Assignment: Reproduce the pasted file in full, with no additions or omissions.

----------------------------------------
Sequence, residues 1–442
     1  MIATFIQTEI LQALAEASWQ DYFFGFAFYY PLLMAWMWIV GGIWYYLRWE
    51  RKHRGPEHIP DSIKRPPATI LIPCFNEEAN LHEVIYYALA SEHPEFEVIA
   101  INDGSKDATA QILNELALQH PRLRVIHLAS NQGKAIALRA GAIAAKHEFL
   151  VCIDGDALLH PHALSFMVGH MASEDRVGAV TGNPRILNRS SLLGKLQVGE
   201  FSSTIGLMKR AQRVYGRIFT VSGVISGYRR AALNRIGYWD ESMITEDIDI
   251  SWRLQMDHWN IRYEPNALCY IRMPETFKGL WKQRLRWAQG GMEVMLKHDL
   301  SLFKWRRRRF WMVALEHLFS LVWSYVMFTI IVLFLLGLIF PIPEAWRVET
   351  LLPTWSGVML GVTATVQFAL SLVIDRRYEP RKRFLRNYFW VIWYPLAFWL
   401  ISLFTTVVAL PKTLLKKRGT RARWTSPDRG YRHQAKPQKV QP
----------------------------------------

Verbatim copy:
Sequence, residues 1–442
     1  MIATFIQTEI LQALAEASWQ DYFFGFAFYY PLLMAWMWIV GGIWYYLRWE
    51  RKHRGPEHIP DSIKRPPATI LIPCFNEEAN LHEVIYYALA SEHPEFEVIA
   101  INDGSKDATA QILNELALQH PRLRVIHLAS NQGKAIALRA GAIAAKHEFL
   151  VCIDGDALLH PHALSFMVGH MASEDRVGAV TGNPRILNRS SLLGKLQVGE
   201  FSSTIGLMKR AQRVYGRIFT VSGVISGYRR AALNRIGYWD ESMITEDIDI
   251  SWRLQMDHWN IRYEPNALCY IRMPETFKGL WKQRLRWAQG GMEVMLKHDL
   301  SLFKWRRRRF WMVALEHLFS LVWSYVMFTI IVLFLLGLIF PIPEAWRVET
   351  LLPTWSGVML GVTATVQFAL SLVIDRRYEP RKRFLRNYFW VIWYPLAFWL
   401  ISLFTTVVAL PKTLLKKRGT RARWTSPDRG YRHQAKPQKV QP